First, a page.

Teen TalkTalk hacker denies flogging stolen personal data for Bitcoin
19-year-old also accused of breaching sex offence order, money laundering
The teenager who hacked TalkTalk three years ago has been hauled before court charged with computer misuse offences after allegedly amassing a Bitcoin fortune worth more than £300,000.
Elliot Gunton, who pleaded guilty in 2016 to hacking Brit ISP TalkTalk, was said to be selling stolen personal data on cybercrime forums and trading in cryptocurrency without declaring it on his tax returns, according to constables from Norfolk Police.
He denies the charges.
Court reporters from the Eastern Daily Press, covering Gunton's trial at Norwich Crown Court, detailed how police became aware of what the 19-year-old was allegedly up to because they were enforcing a sexual harm prevention order (SHPO) by carrying out random inspections of his computers.
Indecent images of children had been found on Gunton's machines by police investigating the TalkTalk hack and the order was made when he was sentenced, the court was told.
Detective Constable Jamie Hollis, of Norfolk Police's public protection unit, told the court Gunton had been visited four times between August 2016 and December 2017 to ensure he was complying with the order. A normal condition of SHPOs is that they ban the offender from using private browsing mode, deleting browser history or doing anything else that prevents unskilled police employees on home visits from trawling through an offender's internet activities.
"Our unit does not have specialist software for home visits and we have to rely on the honesty of the offender," said DC Hollis, as reported by the Eastern Daily Press. "It would be impossible for us to know if he has deleted any history."
However, police decided to step up their intrusive surveillance of Gunton after learning that he intended to appeal against his SHPO, and on a later visit took his laptop away for forensic analysis. The court was told that they found CCleaner, a popular disk cleanup and file deletion utility, had been installed on it. Crown prosecutors alleged that the presence of CCleaner was a breach of Gunton's SHPO.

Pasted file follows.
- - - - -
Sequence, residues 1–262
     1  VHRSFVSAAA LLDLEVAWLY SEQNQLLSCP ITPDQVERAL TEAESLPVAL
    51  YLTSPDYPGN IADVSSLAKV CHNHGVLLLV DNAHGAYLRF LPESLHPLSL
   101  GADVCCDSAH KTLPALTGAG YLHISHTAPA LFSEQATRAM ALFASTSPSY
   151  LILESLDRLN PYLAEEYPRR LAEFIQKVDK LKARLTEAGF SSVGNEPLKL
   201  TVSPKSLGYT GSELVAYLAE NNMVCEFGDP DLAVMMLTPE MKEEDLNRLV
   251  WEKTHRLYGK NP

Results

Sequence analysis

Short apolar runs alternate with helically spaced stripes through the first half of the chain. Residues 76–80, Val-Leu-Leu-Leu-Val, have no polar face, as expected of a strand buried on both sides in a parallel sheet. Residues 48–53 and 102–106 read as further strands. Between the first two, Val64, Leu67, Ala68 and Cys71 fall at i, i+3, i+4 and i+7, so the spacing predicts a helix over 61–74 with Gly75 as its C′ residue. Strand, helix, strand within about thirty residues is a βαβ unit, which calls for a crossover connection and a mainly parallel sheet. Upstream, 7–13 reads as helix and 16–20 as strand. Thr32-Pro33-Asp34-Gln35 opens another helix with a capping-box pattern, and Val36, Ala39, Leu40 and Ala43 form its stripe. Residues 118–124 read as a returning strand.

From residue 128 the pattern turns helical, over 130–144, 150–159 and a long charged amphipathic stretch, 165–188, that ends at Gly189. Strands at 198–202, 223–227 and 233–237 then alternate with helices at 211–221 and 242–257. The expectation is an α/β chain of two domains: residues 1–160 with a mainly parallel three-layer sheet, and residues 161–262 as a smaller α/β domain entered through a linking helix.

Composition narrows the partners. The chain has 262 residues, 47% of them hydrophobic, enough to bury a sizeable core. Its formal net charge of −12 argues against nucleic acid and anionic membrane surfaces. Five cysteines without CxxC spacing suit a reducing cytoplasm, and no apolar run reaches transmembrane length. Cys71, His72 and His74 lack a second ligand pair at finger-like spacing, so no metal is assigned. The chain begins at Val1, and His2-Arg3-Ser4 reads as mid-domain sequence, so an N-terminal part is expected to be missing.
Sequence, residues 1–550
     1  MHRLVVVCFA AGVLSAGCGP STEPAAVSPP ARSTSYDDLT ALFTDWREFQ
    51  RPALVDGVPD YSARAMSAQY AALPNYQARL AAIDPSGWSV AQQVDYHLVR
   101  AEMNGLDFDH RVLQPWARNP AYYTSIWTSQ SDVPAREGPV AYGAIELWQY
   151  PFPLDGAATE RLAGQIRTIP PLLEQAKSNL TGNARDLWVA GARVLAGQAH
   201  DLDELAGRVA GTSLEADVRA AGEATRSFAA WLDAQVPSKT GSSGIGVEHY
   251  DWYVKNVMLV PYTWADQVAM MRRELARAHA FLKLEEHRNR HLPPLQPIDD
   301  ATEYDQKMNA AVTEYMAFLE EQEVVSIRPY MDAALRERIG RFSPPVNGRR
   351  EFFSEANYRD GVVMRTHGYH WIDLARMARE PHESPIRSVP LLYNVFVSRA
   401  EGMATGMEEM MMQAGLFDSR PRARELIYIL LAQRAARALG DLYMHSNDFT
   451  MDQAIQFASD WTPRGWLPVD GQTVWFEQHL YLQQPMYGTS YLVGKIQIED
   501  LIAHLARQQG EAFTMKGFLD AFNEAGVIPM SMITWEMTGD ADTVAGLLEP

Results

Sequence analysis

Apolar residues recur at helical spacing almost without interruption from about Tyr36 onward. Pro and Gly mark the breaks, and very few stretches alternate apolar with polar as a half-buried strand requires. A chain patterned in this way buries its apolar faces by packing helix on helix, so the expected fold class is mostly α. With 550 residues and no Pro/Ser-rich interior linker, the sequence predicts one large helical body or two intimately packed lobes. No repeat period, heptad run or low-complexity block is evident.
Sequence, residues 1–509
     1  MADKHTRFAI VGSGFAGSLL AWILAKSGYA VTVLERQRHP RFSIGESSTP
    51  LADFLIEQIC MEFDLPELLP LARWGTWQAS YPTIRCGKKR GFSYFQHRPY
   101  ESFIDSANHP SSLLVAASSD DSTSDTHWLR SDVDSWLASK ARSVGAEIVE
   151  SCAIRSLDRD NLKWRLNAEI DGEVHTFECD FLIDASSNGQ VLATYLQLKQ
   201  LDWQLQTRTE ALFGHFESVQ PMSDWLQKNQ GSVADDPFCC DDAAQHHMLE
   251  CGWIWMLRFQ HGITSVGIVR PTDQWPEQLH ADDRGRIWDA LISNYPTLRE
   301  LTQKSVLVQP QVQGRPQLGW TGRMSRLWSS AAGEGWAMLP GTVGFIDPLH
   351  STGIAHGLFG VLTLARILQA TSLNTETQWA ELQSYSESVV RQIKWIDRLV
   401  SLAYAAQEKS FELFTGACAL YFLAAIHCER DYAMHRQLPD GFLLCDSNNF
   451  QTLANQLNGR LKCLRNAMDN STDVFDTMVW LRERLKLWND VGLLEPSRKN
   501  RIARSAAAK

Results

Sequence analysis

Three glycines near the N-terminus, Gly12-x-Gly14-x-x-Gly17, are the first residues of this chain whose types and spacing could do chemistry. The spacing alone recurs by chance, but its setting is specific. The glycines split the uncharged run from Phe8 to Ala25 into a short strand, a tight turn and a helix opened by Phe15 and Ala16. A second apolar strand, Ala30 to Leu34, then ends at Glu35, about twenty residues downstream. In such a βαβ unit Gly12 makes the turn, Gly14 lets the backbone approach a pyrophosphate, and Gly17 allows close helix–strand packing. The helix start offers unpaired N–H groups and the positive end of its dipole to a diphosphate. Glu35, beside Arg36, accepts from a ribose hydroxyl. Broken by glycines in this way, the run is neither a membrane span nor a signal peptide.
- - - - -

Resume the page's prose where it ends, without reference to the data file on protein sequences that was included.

"He said he was involved in stocks and shares and that is where he could make his money," added DC Hollis. "He was adamant he would be a millionaire in three years."
Bitcoin banditry allegations
When police raided Gunton's home two weeks later they seized a £10,000 Rolex and an iPhone that had been locked in a safe. Detective Constable Mark Stratford, of Norfolk Police's cyber and serious organised crime directorate, told the court they also found a "nano ledger" for Gunton's Bitcoin account. Although it was protected by either an eight-digit PIN or a recovery phrase, Gunton allegedly did not disclose them when asked during a police interview under caution, instead making no comment throughout.
DC Stratford analysed Gunton's laptop to uncover his Bitcoin account numbers and traced transactions through the blockchain to discover a Bitcoin deposit worth $100,000 had been made into Gunton's wallet on 18 December 2017.
Barrister Kevin Barry, prosecuting, also told the court that Gunton had "been deeply involved in extensive criminal activity with a view to making a large profit". He said that the teenager had earned his Bitcoin wealth by selling stolen Instagram data on an unnamed internet forum, including posts where Gunton allegedly claimed to have "fresh to market" details of "high tier" Instagram users.
Gunton, of Mounteney Close, Sprowston, Norwich, is charged with five criminal offences. Those include crimes under the Computer Misuse Act 1990, which the EDP reported "include supplying profile user names and email accounts believing that they were likely to be used to commit or to assist in the commission of an offence".
He is also accused of money laundering over his Bitcoin usage and of breaching his SHPO. He denies all the charges.
The case continues. ®